Greenlick Kills Rural Medical Clinic Bill over Concerns with For-Profit Model
Rep. Mitch Greenlick, D-Portland, has spiked Senate Bill 880, which would have cleared the way for more rural medical clinics owned by non-physicians, telling The Lund Report he was worried about opening a new outlet for profit-making ventures.
“I know some of my colleagues are not happy with me. It’s symbolically a huge step forward,” Greenlick said. “They want to create an entrepreneurship out of rural medicine. I think that’s the problem.”
SB 880 was put forward by two recent graduates of the University of Oregon Business School who have opened Orchid Health in Oakridge, a mountain town that’s 45 miles southeast of Eugene and a case study in poor access in a rural area.
Two osteopathic physician’s offices closed in the past decade in Oakridge, leaving just one physician assistant to attend to a town of 3,500 people.
Orion Falvey and Oliver Alexander opened their clinic, quickly achieving full capacity, but had to find a Eugene physician to sign on as the silent owner because Oregon requires for-profit corporations to have a majority physician ownership.
SB 880 would have eliminated that provision for rural medical clinics, if the clinic’s medical director had total control over decision-making.
As a scholar, Greenlick wrote an academic paper in the 1980s on the very subject of for-profit versus non-profit health facilities, offering a sociological perspective. It concluded that while nonprofits can have their shortcomings, for-profit models have shown inherent conflicts of interest that do not align with good patient care. He has a doctorate in medical care organization from the University of Michigan and has retained a position as professor emeritus at the Oregon Health & Science University.
In the paper, which was compiled in the book “In Sickness and In Health: The Mission of Voluntary Health Care Institutions,” Greenlick pointed to examples of interference in best medical practices at for-profit hospitals. While much of the country has gone to a profit-based model for delivering healthcare, Oregon is among 25 states that require physician ownership of for-profit clinics, and has only two for-profit hospitals.
That hasn’t meant Oregon’s non-profit hospitals have been beyond reproach. The top executives at Oregon’s major hospitals draw multimillion-dollar salaries and several Portland-area hospitals, including OHSU, have been accused of pressuring doctors to refer only to physical therapists and radiologists inside their systems, where their hospitals have a financial interest.
“Nonprofits often act badly, but the inherent structure isn’t about the immediate stock value,” he added. “We can at least take a look at their non-profit status.” Greenlick said that Orchid could find a way to work within the current law as they did in Oakridge -- establish a physician as owner of the clinic, and act as owners of the management company.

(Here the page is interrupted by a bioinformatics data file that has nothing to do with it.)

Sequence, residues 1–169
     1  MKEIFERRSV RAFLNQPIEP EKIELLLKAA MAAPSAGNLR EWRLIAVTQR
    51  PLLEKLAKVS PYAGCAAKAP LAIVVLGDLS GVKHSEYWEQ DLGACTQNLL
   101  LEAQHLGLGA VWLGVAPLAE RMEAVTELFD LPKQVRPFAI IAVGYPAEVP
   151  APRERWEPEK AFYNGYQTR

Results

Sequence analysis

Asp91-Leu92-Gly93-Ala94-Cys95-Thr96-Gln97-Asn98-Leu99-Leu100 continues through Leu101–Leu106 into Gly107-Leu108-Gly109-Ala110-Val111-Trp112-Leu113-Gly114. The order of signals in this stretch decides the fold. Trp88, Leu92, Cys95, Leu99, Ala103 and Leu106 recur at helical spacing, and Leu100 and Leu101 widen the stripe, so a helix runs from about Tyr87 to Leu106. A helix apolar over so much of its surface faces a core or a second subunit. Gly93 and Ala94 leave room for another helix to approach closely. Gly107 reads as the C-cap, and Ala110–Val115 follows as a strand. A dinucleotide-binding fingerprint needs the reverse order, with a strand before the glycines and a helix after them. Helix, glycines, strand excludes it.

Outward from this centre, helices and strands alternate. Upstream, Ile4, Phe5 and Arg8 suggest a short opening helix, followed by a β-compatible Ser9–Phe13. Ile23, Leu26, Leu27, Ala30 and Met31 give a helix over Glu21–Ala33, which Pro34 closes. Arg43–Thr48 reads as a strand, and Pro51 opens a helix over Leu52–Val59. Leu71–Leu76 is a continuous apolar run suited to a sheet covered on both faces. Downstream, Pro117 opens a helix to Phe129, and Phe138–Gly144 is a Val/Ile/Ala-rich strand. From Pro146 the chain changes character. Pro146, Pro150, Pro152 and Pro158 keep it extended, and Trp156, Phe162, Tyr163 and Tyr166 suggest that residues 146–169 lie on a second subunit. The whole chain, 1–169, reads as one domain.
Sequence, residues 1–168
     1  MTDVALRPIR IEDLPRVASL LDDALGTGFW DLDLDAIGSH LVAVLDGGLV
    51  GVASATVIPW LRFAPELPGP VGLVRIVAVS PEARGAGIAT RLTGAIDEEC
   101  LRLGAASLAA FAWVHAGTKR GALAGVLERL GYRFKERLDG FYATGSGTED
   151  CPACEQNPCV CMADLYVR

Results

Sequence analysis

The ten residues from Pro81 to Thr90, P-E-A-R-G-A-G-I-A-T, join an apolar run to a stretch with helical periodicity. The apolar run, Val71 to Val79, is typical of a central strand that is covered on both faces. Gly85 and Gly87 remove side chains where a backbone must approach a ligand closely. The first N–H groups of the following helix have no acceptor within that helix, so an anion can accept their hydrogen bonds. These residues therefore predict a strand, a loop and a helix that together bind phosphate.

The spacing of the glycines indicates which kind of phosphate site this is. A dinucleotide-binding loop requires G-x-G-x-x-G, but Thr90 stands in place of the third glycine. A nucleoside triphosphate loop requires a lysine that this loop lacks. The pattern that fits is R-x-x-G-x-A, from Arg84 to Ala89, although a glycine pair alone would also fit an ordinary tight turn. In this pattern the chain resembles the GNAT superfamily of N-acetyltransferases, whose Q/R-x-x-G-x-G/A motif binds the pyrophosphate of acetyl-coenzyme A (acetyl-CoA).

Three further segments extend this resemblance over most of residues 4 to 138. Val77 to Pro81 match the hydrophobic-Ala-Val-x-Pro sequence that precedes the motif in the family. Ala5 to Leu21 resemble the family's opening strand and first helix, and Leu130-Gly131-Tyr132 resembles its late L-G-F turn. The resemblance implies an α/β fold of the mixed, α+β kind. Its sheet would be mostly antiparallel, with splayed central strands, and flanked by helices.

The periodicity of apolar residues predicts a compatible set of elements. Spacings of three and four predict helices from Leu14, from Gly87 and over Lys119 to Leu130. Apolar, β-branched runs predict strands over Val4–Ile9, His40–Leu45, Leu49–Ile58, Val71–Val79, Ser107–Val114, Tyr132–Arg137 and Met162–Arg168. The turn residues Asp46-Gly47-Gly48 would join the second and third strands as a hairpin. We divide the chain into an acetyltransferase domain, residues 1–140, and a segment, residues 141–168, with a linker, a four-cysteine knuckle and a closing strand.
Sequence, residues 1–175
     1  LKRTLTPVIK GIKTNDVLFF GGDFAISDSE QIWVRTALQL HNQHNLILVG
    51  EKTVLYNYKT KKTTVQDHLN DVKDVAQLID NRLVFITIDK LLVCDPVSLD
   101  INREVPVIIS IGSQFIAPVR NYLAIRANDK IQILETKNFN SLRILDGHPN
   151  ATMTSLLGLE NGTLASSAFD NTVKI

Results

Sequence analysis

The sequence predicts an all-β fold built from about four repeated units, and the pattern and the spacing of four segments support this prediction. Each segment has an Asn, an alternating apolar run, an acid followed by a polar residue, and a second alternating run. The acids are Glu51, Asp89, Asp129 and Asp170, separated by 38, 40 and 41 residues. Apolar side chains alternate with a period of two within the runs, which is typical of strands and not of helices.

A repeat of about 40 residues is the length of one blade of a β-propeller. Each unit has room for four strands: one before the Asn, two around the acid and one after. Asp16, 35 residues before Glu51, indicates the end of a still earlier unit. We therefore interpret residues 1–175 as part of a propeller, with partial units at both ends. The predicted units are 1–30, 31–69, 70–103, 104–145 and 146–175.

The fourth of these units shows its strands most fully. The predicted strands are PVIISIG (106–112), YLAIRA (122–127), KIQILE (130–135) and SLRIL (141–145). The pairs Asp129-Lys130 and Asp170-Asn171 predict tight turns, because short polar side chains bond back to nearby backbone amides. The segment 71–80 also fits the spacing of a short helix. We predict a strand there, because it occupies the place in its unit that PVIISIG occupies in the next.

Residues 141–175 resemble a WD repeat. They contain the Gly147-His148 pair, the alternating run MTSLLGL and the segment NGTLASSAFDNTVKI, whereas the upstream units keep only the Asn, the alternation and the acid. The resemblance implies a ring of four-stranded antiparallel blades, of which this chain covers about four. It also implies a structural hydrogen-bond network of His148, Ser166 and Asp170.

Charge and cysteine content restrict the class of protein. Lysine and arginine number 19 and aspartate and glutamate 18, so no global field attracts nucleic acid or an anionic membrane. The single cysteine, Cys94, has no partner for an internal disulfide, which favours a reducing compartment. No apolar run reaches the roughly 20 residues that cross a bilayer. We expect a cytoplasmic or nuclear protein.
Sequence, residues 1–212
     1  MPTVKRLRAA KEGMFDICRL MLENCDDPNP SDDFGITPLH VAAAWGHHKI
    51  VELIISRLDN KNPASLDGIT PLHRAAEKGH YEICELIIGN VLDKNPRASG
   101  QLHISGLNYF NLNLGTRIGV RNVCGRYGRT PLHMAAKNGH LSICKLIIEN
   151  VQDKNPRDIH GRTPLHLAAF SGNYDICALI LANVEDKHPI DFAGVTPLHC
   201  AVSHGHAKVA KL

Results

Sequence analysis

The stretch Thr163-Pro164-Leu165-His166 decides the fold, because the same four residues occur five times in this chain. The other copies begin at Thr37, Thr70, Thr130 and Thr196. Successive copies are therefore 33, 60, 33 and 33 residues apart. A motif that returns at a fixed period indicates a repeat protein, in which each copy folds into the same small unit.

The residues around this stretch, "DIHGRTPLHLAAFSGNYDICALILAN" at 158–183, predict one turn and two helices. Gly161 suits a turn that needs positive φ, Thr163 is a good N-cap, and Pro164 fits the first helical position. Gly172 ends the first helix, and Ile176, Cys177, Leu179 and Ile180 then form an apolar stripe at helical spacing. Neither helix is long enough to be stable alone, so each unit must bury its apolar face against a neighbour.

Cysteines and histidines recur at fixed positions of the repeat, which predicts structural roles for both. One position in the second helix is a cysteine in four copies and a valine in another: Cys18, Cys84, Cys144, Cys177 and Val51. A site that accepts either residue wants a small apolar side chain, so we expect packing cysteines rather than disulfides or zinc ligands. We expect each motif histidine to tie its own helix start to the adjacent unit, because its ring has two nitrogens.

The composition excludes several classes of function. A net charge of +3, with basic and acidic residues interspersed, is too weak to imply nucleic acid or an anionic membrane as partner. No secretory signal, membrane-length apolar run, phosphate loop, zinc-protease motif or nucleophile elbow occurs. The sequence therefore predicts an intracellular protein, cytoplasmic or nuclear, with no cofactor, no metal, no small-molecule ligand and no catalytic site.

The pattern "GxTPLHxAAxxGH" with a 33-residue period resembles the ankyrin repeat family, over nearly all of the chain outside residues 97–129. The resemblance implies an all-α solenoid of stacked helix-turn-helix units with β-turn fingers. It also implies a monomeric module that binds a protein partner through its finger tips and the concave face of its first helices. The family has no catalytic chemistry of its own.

Maintaining a Firewall
Falvey reiterated that he and his business partner have no say in the medical decisions at their clinic, and a medical director has complete autonomy, a firewall that they intended to retain in SB 880. He said the payment structure Orchid had worked out with Trillium Community Health Plan and other health insurers aligned their profits with patient care by rewarding them for quality of care.
Orchid plans to open clinics in two dozen communities, but the hurdles made the Oakridge clinic burdensome to open, and they were unsure how easily it would be to find physician partners further afield.
Robert Duehmig of the Office of Rural Health said there are currently 77 certified rural health clinics, and a mix of for-profit and non-profit setups. Falvey estimated about half were for-profit.
Falvey said non-profit and for-profit clinics had their tradeoffs. A for-profit clinic attracts investors while non-profit clinics are eligible for grants. Communities can receive federal start-up funding for federally qualified health centers, but Falvey told The Lund Report those clinics were barely viable in the remote areas that interested them. “In my mind, it would be slightly less sustainable,” he said.
Entrepreneurial ownership over doctor-ownership had a particular advantage in these marginal areas by allowing a physician or nurse practitioner to spend all their time practicing medicine, while the business owners took care of the increasingly complicated medical management. “[Country doctors] don’t have the time to stay current with new technology and ideas,” he said.
NP Ownership of Clinics
The issue of physician ownership of professional corporations practicing medicine is likely to return in 2016. The Oregon Nurses Association considered an amendment in SB 880 to allow nurse practitioners to be the equivalent a physicians at the ownership table, but ultimately withdrew their request because of technical parliamentary difficulties.
Nurse practitioners can run medical offices, but in response to a complaint to the Oregon Medical Board, Attorney General John Kroger opined in 2010 that nurse practitioners could not count as doctors in professional medical corporations because they practice nursing, not medicine.
Falvey said that if Orchid had the ability to partner with a nurse practitioner, it would increase their options but such a professional might not be any easier to find than a physician.
Sarah Baessler, a lobbyist for the nurses association, said the Oregon Medical Association, which expressed concerns with SB 880, would negotiate potential legislation for the 2016 session with her union, as well as other potential stakeholders such as Orchid Health.
“It’s too complicated to fix in that bill,” Baessler said. “We want to make sure it’s right without problems for anyone.”